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How to Implement CSS with FeedSweep

Summary: Using Cascading Style Sheets as your formatting method provides some unique opportunities for displaying FeedSweep Widgets. This article provides the basic information to get going with this method.

Within the Advanced Editor, there are two ways of formatting your FeedSweep Widget:

  1. HTML Tables
  2. CSS Classes using DIVs

This article provides the basic information for implementing "CSS Classes Using DIVs" with your FeedSweep Widget. The assumption is that you have a rudimentary knowledge of Cascading Style Sheets (CSS). If you do not, then search on "Introductory CSS" or "Learning CSS" to learn these fundamentals.

The Basics

CSS can be used to apply style characteristics like color, font, alignment and bordering to your widget so you can have your own unique, look 'n feel.

Every Cascading Style Sheet is a series of instructions called statements. A statement does two things:

  • it identifies the elements in the FeedSweep widget it affects
  • it tells the end-user's browser how to draw these elements

For our purposes, we define elements as the viewable components of a feed including date, headline, body etc.- as far as FeedSweep widgets are concerned, elements are its content wrapped in DIV tags.

The part of a statement which identifies elements is called a selector. Selectors select elements.

The part of a statement which tells a browser how selected elements should be drawn is called the declaration. A declaration can contain any number of properties which are to be applied to the selected element.

Here is an example:

.feedsweep_body
{
text-indent: 1cm;
text-align: left;
}

This is a single statement - keeping in mind your widget will most likely have more than one statement. The selector is feedsweep_body. This means the statement will affect the body content of each article in a FeedSweep widget.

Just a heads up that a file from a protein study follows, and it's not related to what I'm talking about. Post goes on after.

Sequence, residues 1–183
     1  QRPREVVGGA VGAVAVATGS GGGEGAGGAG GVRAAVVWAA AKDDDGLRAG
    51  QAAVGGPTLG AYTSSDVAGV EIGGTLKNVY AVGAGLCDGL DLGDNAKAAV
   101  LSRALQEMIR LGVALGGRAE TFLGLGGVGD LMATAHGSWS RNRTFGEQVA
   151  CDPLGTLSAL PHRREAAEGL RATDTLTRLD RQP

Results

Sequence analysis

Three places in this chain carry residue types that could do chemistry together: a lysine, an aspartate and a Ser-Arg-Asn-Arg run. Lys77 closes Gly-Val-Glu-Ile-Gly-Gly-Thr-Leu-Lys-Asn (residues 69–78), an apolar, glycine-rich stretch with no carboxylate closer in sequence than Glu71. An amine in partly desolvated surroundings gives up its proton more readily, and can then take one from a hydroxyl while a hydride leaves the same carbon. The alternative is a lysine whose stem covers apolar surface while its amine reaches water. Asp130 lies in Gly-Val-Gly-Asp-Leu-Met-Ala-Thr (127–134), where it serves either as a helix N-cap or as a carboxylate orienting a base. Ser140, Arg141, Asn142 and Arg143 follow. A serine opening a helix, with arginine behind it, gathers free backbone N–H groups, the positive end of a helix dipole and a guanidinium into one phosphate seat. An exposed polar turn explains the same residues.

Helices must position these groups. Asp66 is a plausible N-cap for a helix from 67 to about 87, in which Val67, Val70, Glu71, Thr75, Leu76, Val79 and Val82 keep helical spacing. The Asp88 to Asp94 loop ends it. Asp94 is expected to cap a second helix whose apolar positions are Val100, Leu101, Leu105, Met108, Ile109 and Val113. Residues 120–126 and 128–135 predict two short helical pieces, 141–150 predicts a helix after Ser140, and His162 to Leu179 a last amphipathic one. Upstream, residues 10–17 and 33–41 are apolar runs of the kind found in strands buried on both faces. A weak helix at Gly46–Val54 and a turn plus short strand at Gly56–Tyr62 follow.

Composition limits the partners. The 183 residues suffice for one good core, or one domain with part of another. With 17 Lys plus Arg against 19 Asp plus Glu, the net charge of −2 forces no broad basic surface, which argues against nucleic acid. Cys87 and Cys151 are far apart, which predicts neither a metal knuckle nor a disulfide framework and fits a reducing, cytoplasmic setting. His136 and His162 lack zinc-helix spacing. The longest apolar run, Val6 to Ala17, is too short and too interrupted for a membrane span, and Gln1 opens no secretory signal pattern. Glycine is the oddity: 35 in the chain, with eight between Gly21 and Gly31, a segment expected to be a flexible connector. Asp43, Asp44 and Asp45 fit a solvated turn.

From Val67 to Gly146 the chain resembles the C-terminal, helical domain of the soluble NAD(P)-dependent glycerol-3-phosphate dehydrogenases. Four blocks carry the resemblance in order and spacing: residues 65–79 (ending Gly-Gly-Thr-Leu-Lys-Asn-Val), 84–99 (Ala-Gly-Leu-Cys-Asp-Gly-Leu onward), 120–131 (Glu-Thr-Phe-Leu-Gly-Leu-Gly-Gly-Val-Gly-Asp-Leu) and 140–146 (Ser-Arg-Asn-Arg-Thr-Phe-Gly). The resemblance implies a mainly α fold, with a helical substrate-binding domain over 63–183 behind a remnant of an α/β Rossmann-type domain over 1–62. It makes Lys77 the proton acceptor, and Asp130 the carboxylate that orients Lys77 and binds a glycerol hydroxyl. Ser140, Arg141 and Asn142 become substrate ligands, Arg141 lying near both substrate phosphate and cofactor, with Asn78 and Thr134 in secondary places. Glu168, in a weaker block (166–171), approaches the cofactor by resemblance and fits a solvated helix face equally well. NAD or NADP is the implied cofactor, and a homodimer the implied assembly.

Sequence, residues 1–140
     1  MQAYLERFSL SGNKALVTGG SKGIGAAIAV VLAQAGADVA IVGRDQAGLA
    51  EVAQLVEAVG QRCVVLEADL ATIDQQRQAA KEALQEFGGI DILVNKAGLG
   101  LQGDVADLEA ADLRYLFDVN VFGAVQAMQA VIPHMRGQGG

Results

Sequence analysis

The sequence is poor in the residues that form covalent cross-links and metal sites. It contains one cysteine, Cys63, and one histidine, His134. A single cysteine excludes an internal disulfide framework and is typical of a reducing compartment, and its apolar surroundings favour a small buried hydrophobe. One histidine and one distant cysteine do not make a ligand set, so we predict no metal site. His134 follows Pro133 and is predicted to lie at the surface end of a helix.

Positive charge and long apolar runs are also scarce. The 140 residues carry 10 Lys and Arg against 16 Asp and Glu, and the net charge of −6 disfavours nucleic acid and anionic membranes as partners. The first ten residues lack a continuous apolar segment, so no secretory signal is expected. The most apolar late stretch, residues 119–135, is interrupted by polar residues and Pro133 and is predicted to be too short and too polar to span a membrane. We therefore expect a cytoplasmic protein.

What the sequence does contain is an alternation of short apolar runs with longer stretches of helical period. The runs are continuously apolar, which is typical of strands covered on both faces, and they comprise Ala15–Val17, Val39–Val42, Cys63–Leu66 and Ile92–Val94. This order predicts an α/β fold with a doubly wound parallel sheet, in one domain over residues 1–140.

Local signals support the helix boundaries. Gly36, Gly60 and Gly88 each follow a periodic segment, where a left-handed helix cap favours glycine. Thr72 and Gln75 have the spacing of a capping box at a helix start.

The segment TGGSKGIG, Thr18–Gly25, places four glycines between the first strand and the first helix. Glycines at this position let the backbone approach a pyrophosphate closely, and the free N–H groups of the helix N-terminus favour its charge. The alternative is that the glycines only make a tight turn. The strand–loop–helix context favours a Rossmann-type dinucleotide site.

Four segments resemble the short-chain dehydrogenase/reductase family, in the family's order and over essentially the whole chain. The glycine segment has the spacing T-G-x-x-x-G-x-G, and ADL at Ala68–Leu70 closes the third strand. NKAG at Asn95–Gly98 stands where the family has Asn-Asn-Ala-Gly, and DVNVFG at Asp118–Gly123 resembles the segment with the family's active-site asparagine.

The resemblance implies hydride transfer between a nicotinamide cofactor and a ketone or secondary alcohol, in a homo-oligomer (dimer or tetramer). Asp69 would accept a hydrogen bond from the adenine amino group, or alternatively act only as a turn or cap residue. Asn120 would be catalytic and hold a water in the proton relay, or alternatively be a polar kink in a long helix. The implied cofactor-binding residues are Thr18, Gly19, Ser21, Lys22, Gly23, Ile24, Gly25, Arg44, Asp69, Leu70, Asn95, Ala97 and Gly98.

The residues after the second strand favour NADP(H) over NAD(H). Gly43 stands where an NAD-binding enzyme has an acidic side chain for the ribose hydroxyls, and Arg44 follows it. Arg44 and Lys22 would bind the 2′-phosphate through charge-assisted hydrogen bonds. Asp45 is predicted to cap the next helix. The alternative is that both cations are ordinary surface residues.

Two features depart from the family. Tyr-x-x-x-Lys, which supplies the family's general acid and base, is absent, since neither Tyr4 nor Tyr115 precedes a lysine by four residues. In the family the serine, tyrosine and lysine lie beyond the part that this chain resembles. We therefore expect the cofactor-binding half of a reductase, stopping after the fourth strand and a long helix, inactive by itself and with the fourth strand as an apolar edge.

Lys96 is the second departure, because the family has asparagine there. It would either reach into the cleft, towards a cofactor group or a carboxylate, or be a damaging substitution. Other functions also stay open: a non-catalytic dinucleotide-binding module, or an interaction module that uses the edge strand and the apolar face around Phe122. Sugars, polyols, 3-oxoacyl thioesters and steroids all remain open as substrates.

The statement has a declaration with two properties. This means that each article's body content will have two properties applied. Each property has a name, for example "text-align" and a value, for example "left".

Default Widget Selectors

Unless you name your own selectors in the Advanced Editor, FeedSweep will automatically insert the following selectors in a widget:

  • feedsweep - a DIV class enclosing entire widget
  • feedsweep_title - a DIV class for the widget title
  • feedsweep-item - a DIV class for each article (or item) in the widget
  • feedsweep_itemX - an ID (not a class!) selector for each item in the widget where X starts at 1 and increments for each article in the widget
  • feedsweep_date - a DIV class for each date of each article in the widget
  • feedsweep_headline - a DIV class for each headline of each article in the widget
  • feedsweep _link - a DIV class for each link of each article in the widget
  • feedsweep_body - a DIV class for each body (content) of each article in the widget

 

If you were to look at the source output of a FeedSweep widget, this is how these selectors would appear:

 <!-- DIV enclosing entire FeedSweep widget -->
<div class="feedsweep">
<div class="feedsweep_title">THIS IS AN EXAMPLE TITLE</div>
<!-- start repeat for each article item, beginning with article #1, -->
<!-- where feedsweep_item# = 1 to #_of_articles                             -->
<div class="feedsweep_item" id="feedsweep_item1">
<div class="feedsweep_date">Thu, Apr 10 2008 - 4:54 PM</div>
<div class="feedsweep_headline">
<a class="feedsweep_link" href="http://to_some_link_1.com" target="_blank">